The phrase "30 percent" now amounts to fighting words in the media and gadget industries.

That's the share of revenue Apple will keep from new subscriptions and media purchases made in an iPhone or iPad application through its App Store - part of a feature it launched Tuesday for its mobile devices.

Apple knows a thing or two about smartphones, tablets and getting users to buy things on them through its App Store. So why is this a problem?

Because Apple doesn't just want to offer the store's one-click buying as an option to companies that sell subscriptions or extra content inside programs. It will require that they add App Store transactions - and demand that they offer users the same price in the App Store and at their own Web site.

Developers have until June 30 to correct existing applications.

Further, Apple's news release spells out that an app cannot even include a link to an outside Web store. And Apple won't tell developers who their customers are unless they allow that disclosure, a move guaranteed to infuriate publishers used to knowing their readers.

Essentially, Apple proposes to annex a developer's subscription business - then charge that firm 30 percent for the privilege.

That 30 percent figure is the same share Apple keeps from sales of applications, where it provides valuable hosting services, copious bandwidth and one-click installation and updates.

But in providing subscription billing, Apple won't do much more than move money from one party to another. The fees for that sort of financial convenience, whether you conduct your transaction through PayPal or the check-cashing place a few blocks from my house, tend to be around 2 percent.

Apple cites only one exemption to this new policy: Subscriptions that come free with the purchase of something else, such as a print subscription to a newspaper.

(Web-based applications, meanwhile, remain unaffected by Apple's App Store rules.)

Remember when people in the news business were hoping that Apple was throwing them a lifesaver with the iPad? That device may look more like an anvil after this news.

The picture isn't much brighter for electronic bookstores such as Amazon's Kindle (which, coincidentally enough, competes with Apple's own iBooks). It's even worse for interactive music services, which already face tight business margins thanks to the royalties they must pay to record labels, composers and performers.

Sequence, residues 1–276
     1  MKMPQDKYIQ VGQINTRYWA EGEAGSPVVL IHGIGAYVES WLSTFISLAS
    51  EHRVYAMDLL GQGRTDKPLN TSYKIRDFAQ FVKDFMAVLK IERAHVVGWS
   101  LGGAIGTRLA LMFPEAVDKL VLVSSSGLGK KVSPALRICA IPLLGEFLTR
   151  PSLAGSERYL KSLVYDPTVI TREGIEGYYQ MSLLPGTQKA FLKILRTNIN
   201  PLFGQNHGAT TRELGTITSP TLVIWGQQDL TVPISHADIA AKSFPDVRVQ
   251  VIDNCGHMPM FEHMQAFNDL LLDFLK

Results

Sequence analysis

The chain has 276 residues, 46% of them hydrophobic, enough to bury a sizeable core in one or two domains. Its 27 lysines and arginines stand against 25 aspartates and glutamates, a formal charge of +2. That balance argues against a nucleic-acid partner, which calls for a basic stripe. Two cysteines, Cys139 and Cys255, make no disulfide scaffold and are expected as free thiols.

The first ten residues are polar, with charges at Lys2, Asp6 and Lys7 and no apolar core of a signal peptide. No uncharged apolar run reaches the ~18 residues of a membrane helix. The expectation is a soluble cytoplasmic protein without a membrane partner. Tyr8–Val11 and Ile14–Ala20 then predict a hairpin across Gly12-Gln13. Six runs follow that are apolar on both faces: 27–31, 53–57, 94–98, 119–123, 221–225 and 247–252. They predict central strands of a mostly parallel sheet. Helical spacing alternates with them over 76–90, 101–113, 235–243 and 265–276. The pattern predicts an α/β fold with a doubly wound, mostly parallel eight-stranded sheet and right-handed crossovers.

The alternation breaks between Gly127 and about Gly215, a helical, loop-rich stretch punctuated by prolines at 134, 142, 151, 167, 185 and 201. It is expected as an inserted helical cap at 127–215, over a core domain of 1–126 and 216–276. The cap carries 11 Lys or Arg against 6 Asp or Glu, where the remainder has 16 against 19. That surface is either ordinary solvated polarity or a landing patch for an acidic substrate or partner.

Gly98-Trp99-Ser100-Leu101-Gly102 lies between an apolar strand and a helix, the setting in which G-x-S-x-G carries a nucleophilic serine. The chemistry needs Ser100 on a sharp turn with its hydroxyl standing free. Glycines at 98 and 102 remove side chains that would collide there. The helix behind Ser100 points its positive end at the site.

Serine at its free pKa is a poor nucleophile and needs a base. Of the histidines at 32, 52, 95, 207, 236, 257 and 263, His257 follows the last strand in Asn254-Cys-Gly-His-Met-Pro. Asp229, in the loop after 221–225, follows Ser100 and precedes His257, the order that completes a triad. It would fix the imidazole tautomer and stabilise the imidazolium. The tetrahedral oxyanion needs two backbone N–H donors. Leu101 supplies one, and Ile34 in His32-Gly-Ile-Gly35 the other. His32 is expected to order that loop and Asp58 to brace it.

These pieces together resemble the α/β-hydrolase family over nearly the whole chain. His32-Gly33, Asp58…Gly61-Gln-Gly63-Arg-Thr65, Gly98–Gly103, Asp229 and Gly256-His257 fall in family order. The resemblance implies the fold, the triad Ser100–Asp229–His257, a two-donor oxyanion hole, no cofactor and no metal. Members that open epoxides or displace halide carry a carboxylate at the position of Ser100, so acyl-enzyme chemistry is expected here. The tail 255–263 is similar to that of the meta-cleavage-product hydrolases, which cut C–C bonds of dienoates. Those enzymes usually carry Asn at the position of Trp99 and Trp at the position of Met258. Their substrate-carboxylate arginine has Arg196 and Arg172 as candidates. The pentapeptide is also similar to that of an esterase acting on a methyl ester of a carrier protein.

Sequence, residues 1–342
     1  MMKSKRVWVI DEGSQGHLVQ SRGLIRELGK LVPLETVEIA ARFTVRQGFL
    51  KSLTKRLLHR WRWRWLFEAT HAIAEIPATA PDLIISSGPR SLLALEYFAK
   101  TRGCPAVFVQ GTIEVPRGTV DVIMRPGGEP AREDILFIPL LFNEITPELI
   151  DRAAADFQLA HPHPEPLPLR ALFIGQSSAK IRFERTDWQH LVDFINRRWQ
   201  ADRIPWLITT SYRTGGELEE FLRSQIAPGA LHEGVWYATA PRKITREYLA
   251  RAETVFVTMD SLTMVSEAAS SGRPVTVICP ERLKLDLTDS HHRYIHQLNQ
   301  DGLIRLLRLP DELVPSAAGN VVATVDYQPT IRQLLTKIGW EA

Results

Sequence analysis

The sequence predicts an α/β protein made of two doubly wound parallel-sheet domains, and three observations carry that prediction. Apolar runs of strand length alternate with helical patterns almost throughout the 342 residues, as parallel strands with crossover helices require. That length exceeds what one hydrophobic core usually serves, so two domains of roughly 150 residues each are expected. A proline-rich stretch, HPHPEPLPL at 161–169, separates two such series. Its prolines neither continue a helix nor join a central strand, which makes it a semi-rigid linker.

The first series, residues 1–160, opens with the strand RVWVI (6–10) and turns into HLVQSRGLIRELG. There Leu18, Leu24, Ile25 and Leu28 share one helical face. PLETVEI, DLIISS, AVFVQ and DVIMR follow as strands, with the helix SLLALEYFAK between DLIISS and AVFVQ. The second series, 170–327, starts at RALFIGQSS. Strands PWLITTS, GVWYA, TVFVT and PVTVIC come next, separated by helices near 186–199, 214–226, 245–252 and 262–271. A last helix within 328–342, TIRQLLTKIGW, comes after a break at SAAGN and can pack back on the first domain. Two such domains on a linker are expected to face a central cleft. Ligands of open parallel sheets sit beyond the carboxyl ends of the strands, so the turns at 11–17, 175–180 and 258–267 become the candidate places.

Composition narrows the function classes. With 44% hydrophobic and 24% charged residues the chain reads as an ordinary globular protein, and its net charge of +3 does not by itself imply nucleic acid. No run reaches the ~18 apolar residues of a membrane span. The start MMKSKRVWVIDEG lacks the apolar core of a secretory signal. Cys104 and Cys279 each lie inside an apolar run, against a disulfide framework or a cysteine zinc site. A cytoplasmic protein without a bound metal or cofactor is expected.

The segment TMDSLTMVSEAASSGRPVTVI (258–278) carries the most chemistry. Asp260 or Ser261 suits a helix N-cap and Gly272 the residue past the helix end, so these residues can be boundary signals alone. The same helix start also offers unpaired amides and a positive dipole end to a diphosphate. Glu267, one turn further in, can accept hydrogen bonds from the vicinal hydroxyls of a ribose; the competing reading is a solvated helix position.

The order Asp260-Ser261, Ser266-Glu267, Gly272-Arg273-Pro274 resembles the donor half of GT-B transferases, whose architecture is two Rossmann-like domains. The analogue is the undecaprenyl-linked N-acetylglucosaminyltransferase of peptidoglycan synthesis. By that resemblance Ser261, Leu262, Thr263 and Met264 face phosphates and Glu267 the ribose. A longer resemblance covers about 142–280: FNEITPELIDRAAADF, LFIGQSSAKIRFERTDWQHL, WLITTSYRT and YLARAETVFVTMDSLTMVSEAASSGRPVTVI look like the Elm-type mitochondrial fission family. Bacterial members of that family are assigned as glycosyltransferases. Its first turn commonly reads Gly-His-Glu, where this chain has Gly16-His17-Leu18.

Representatives for Netflix, Hulu and The Post declined to comment. Publicists at Amazon and the Ongo news service (as well as Apple itself) have yet to reply to e-mails sent Tuesday morning.

Some publishers seem content to accept Apple's terms, factoring in the high costs of acquiring subscribers. But Time Inc., has already given up on Apple and is instead bringing publications like Sports Illustrated to Google's Android and HP's webOS.

The Rhapsody music service openly objected Wednesday, suggesting that it would yank its application from the App Store rather than submit to Apple's 30 percent tax.

Apple's main public justification for that steep rate consists of a quote from chief executive Steve Jobs in its news release: "Our philosophy is simple - when Apple brings a new subscriber to the app, Apple earns a 30 percent share."

That could be true for a small magazine publisher that few people will necessarily trust with their credit cards. But for the likes of Netflix or Amazon (or even, perhaps, The Post), Jobs's quote evokes a rooster taking credit for the sun rising.

Apple didn't have to take this route. It could have made App Store billing an option or taken a smaller share.

Google provided one example Wednesday, when it launched its own subscription feature called One Pass that takes care of billing and subscriber authentication across multiple devices. In that, Google will keep 10 percent of the proceeds.

It's difficult to regard Apple's extortionate arrangement as a benefit to anybody but Apple.

And yet since I wrote the scathing blog post this column is based on, readers have been jumping to Apple's defense. Why?

Some say that it's a free market and that companies will only charge what the market can bear. But under that logic, how can anybody ever call something overpriced? Would you accept that defense if it came from OPEC? Your cable company? This newspaper?

The other response is to say that Apple deserves to get a cut of the proceeds when somebody makes money off its platform. I know this argument well: I'm used to hearing from people in the entertainment industry who want record labels and movie studios get a cut of any possible reuse of their content.

Apple users, however, should know why it's unhealthy to bill for every last bit if they've ever used iTunes or an iPod to listen to music copied from a CD.

This statement also neglects how the efforts of third-party developers have made Apple's devices more valuable - something I believe Apple has mentioned in more than one ad.

Remember, Apple doesn't come to this debate with a history of upstanding behavior. It has repeatedly abused its oversight over the App Store - the only easy way to add third-party programs to the iPhone and iPad - to reject or evict programs for illogical, inconsistent or unfair reasons.

Apple does a lot of things better than other tech companies. I know-I've repeatedly spent my own money on its computers and software. That doesn't mean it's stopped being a for-profit company that merits reasonable skepticism from the rest of us.